During the journey in the Dudley Docker, Worsley had been steering unrelieved for up to eighteen hours. When he finally agreed to be relieved, his body was so stiffened and cramped that he could not move himself. He had to be straightened out before he could lie down. Worsley recalled the tale and Macklin’s part in it:

‘As the men were rubbing me to restore circulation I fell asleep. They then placed me under the meagre shelter of the tent, and I remained unconscious of anything until land was again sighted an hour later. Greenstreet then, wishing to know which way to steer, told the others to waken me, but their most strenuous efforts to do this failed. Finally one of them asked Doctor Macklin whether I were dead. After examining me he said that I was alive, and McLeod, an old salt, declared that he could wake me up, and succeeded in doing so by dealing two hearty kicks on the back of the head.’

When the men, some now in poor medical condition, very distressed and exhausted, Macklin and McIlroy were crucial for the well-being of the Elephant Island party, from April to August, 1916. The men in the worst conditions needed monitoring such as Lewis Raphael Rickinson with a possible stroke and Huberht Taylor Hudson with a large boil on his backside as well as suffering from a nervous breakdown of sorts. Most critical was Perce Blackborow who had been suffering from severely frostbitten toes since his time in the ‘Stancomb Wills’ boat. His toes had become gangrenous and Macklin and McIlroy decided to amputate. For more on poor Perce’s operation on Elephant Island, see my blog post:

On the day, 30 August, 1916, that Yelcho arrived at Elephant Island to rescue the twenty-two stranded men, Macklin ran to the uphill and used his old Burberry jacket attached to an oar as a makeshift flag. Lees wrote:

‘Macklin ran to the snow-slope and fixing his jacket on to the lanyard of an oar doing duty as a mast over the old ice-cave, hoisted it as well as the running gear would permit, which was only about half-mast, and which Sir Ernest afterwards told us made his heart sink as he took it to be a sign that we had lost some our number.’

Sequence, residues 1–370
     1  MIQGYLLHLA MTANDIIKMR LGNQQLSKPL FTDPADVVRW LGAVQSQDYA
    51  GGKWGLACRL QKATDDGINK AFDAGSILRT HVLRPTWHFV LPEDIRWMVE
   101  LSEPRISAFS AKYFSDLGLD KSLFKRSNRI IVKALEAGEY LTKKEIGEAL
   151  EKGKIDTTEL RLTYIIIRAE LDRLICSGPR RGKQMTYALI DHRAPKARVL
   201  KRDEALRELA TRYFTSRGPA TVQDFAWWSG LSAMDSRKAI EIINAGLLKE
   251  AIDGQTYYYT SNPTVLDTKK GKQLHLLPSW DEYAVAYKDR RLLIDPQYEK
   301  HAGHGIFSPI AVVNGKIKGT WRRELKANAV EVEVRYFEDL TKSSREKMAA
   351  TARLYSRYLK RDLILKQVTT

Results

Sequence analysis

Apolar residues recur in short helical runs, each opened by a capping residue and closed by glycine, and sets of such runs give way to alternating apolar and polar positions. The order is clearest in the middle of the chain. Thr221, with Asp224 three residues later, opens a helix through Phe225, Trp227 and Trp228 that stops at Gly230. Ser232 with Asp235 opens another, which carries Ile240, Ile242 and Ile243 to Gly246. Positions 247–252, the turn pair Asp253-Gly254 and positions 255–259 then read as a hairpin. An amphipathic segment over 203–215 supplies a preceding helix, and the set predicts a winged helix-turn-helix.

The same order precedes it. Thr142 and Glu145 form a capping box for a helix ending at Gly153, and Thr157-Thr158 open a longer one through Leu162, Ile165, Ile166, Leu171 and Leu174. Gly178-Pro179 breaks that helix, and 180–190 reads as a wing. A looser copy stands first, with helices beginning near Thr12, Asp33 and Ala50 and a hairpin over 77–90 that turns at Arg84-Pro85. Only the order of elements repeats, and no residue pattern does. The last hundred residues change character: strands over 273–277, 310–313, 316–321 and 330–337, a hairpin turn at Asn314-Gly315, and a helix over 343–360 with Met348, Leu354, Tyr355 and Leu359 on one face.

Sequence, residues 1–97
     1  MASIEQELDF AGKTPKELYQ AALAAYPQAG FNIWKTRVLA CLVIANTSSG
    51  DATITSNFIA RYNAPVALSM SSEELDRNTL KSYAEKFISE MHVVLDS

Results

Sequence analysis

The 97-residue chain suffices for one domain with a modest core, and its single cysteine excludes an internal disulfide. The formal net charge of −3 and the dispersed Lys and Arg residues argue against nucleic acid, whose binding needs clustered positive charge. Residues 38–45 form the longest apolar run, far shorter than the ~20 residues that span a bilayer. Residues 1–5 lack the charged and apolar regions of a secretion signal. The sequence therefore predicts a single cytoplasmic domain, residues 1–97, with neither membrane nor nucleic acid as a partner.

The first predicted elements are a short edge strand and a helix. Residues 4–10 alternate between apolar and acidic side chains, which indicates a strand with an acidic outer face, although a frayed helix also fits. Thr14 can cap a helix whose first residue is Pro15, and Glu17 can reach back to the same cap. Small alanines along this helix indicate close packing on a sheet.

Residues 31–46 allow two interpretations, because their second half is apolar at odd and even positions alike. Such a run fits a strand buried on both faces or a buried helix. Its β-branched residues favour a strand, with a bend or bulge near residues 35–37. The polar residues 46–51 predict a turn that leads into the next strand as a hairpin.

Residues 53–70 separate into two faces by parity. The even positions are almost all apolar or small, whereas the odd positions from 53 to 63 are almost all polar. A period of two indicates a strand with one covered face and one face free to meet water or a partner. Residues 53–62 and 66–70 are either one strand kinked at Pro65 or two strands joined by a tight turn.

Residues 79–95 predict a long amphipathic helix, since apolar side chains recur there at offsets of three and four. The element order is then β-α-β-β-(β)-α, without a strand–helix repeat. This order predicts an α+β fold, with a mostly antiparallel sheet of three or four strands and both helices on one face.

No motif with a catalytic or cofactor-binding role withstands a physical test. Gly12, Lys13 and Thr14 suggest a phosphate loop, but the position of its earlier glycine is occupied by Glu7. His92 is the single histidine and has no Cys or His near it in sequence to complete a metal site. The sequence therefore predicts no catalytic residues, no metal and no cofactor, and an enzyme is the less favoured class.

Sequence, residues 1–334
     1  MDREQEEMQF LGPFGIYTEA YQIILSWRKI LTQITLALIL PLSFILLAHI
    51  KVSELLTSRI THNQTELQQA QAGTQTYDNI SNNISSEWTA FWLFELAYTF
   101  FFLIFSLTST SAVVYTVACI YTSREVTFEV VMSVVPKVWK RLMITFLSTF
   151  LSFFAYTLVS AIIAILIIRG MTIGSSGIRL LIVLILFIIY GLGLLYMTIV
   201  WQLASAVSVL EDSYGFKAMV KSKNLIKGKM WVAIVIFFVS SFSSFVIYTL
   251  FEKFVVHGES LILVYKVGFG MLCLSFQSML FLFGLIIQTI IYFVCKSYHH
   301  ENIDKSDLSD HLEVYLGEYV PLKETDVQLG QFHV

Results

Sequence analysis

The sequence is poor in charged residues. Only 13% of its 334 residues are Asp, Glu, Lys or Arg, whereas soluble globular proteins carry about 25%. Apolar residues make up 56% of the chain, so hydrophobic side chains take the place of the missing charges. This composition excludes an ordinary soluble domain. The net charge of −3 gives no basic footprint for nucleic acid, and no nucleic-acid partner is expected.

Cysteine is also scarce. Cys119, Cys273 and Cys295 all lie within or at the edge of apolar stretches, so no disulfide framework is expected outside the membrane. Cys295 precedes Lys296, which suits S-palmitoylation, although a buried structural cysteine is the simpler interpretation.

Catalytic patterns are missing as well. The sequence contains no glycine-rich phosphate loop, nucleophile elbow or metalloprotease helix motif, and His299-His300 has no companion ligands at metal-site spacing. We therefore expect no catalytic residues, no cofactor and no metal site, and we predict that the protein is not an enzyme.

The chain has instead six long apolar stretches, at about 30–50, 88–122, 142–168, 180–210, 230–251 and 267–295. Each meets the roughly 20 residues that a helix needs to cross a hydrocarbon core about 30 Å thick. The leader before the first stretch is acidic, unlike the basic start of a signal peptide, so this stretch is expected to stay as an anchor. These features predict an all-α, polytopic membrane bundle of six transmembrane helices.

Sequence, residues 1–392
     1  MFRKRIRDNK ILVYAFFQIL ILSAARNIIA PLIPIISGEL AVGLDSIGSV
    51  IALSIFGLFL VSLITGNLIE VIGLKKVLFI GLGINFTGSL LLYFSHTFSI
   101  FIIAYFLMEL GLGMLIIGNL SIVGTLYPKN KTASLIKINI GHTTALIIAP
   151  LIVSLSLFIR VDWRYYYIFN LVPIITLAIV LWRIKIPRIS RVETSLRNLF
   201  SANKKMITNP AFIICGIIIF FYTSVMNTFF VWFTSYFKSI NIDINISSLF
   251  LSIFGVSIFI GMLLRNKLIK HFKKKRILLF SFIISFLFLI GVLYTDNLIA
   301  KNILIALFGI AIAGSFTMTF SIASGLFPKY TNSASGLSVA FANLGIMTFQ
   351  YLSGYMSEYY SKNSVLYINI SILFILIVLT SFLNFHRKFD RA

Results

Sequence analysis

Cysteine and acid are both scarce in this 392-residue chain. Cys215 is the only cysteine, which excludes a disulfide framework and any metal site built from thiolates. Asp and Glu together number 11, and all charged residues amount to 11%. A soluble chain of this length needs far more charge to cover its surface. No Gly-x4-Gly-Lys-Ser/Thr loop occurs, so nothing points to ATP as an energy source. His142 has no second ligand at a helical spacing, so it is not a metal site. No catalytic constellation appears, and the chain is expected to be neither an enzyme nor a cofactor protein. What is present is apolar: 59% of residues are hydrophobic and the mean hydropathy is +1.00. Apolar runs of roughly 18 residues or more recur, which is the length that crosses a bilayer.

In his book, South, Shackleton recognised the work of Macklin and McIlroy during their time on Elephant Island:

‘It is largely due to Wild, and to his energy, initiative, and resource, that the whole party kept cheerful all along, and, indeed, came out alive and so well. Assisted by the two surgeons, Drs. McIlroy and Macklin, he had ever a watchful eye for the health of each one.’

Following the rescue and return to England, Macklin joined the Royal Ambulance Medical Corps for the rest of the war. This journal entry shows his willingness to join up once home.

Page from Macklin’s ‘Endurance’ diary. (SPRI, 1588; BJ)

He saw action in in France, Russia and Italy. It was for his bravery tending to the wounded under fire in Italy, with the 11th Battalion West Yorkshire Regiment, that Macklin was awarded the Military Cross. His award was later commemorated on a stamp design from the British Antarctic Territory.

Macklin commemorated on a BAS stamp

Shackleton’s South recognised Macklin’s war efforts:

‘Macklin served first with the Yorks and later transferred as medical officer to the Tanks, where he did much good work. Going to the Italian front with his battalion, he won the Military Cross for bravery in tending wounded under fire.’

Shackleton tried to remain in contact with the men of Endurance. On 21 June, 1917, he wrote to Macklin:

Dear Macklin.